What shape is it anyway?

Shapes

K20 Center, Katie Miller | Published: August 4th, 2021 by Oklahoma Young Scholars/Javits

• Subject Mathematics
• Course Elementary Mathematics
• Time Frame 1-2 class period(s)
• Duration 60 minutes

Summary

In this lesson, students use their prior knowledge to identify shapes and their attributes. "What Shape is it Anyway?" provides students with ample group discussion as well as individual assessment. The end goal of this lesson is to have students correctly identify, sort, and explain their understanding of 2-D shapes in their community.

Essential Question(s)

How do we describe different shapes?

Snapshot

Engage

Students take a Picture Walk through the book "Skippyjon Jones Shape Up."

Explore

As a group, the class discusses the various shapes found in a picture of a familiar place and do a shape sort to discuss attributes of the shapes.

Explain

Students identify shapes in the classroom during a Shape Scavenger Hunt.

Extend

Students explore how 3-D shapes are related to 2-D shapes.

Evaluate

Students play a game where they are assigned an unknown shape and must sort themselves into shape groups.

Materials

• Book "Skippyjon Jones Shape Up"

• Shape manipulatives and pictures (2-D and 3-D) circle/cylinder, triangle/triangular prism, rectangle/rectangular prism, square/cube

• Sticky notes (4 per student)

• Real-world objects (or pictures) in the shape of squares, rectangles, circles, and triangles

Engage

As a class, take a picture walk through the book "Skippyjon Jones Shape Up" by Judy Schachner. If you do not have a physical copy of the book there is a video of the book being read aloud here Skippyjon Jones Shape Up by Judy Schachner read aloud. Focus on the pictures that tell the story.

Essential questions:

• What shapes do you see?

• What is familiar about each shape?

• Do the shapes you see have something in common with another shape?

Explore

Using the I Notice, I Wonder strategy, display a picture of a familiar place that features a variety of shapes (town center, playground, school building, etc.). Ask students, “What do you notice and wonder about the shapes in this picture?"

At their tables, have students sort foam shapes into groups by their attributes (sides and angles). Students will talk in groups about the rules they used to sort the shapes. Ask one student from each group to share with the class how the group sorted its shapes. Ask students, “What is special about the shapes in this group?” “How are they similar?" "How are they different?”Create a visible list of student responses associated with each shape image. These responses might be posted and kept for students to refer back to later during the lesson. Also consider keeping a running list of vocabulary that students can refer to.

Explain

Building off the student conversations, complete a teacher-led shape sort activity. As you organize by shape, talk about rules for each of these shapes:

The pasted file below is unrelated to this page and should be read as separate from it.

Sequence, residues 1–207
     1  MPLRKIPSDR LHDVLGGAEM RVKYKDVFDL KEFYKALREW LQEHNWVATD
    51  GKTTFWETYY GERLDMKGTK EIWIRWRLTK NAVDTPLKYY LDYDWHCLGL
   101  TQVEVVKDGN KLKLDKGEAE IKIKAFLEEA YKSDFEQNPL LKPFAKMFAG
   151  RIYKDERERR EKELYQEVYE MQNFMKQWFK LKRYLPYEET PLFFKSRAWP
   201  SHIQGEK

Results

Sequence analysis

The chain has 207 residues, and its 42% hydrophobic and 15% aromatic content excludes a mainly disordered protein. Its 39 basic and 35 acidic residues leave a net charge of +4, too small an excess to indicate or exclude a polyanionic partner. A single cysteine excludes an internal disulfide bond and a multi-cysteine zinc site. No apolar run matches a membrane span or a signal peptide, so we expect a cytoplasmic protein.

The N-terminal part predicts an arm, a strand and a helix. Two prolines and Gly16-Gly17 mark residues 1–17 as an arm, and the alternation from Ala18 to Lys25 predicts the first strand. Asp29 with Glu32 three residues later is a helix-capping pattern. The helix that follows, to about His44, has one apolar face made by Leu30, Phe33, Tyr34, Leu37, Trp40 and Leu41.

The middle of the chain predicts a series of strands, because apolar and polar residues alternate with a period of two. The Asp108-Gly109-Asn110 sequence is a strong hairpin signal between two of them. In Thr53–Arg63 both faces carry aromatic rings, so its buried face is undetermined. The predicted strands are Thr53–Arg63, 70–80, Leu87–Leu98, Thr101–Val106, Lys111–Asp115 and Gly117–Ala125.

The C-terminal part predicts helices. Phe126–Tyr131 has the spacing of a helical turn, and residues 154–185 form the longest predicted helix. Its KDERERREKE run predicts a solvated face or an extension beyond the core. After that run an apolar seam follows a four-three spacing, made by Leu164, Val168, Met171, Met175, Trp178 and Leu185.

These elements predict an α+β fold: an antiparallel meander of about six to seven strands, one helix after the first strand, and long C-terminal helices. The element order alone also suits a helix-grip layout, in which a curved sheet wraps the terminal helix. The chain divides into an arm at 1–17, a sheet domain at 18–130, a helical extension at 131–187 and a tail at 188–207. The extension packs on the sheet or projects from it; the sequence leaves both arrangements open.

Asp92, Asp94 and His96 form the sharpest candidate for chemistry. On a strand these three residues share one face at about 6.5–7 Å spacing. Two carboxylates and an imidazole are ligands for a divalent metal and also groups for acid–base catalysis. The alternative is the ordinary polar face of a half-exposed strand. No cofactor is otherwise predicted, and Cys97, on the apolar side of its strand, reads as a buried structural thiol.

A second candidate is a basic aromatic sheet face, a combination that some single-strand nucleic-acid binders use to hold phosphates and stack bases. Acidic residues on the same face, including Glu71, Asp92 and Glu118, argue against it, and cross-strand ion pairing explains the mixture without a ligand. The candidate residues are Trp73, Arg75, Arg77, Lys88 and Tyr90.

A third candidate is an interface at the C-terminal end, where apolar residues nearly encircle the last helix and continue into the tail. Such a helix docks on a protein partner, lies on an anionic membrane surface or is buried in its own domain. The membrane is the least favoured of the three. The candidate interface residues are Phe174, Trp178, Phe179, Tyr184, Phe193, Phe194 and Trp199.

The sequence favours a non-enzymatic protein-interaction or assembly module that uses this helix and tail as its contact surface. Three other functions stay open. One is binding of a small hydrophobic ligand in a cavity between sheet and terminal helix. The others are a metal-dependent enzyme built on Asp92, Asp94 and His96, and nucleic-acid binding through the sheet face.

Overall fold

• Square, 4 equal sides, 4 equal angles

• Rectangle, 2 long sides, 2 short sides, 4 equal angles

• Triangle - 3 sides, 3 angles

• Circle - no straight sides, no angles

Give students 4 sticky notes each and have them draw one shape (square, rectangle, triangle, or circle) per sticky note. Do a shape scavenger hunt and have the students find those shapes in the classroom. Once they find the shape, they can stick their sticky note to the shape. For example, students might find cubbies in the shape of a rectangle.

Extend

At different centers, have students compare a 2-D shape to its 3-D prism version (for example, circle/cylinder, triangle/triangular prism, rectangle/rectangular prism, square/cube). Using a Think-Pair-Share activity, have students answer the following: How are the "flat" (2-D) and the “big” (3-D) shape the same and different?

Evaluate

Students will engage in a sorting game using a combination of the Kick Me and Four Corners strategies. To prepare, hang the four posters from the "Shape Signs" attachment in different corners of the room. Next, attach a picture of a real-life object with a particular shape (lunch tray, pizza, coin, etc.) to each student's back. You can use the pictures from the "Shape Pictures" attachment or create your own. Explain to students that they will sort into one of the "corners" of the room by shape. Students will ask questions and get hints from other students to identify the shape on their back.

Guiding Questions:

• Does my shape have 4 sides?

• Does my shape have any angles?

• Does my shape have round edges?

While giving hints, students might tell the shape while describing its attributes. To prevent such accidental revelations, students should be encouraged to describe the shapes using real-life attributes. (For example: “Your shape looks like a piece of pizza.” "Your shape has 4 sides.")

Students will then decide what kind of shape they have on their backs and what corner they should report to. When students get to their corner, they will discuss in their corner groups why they grouped the way they did. For example, members of the triangle group would discuss that their shape had 3 sides and 3 angles.

For evaluation purposes, take note of students who ended up in the wrong corner. Give the students a chance to correct their error by providing them with clues related to the shape on their back.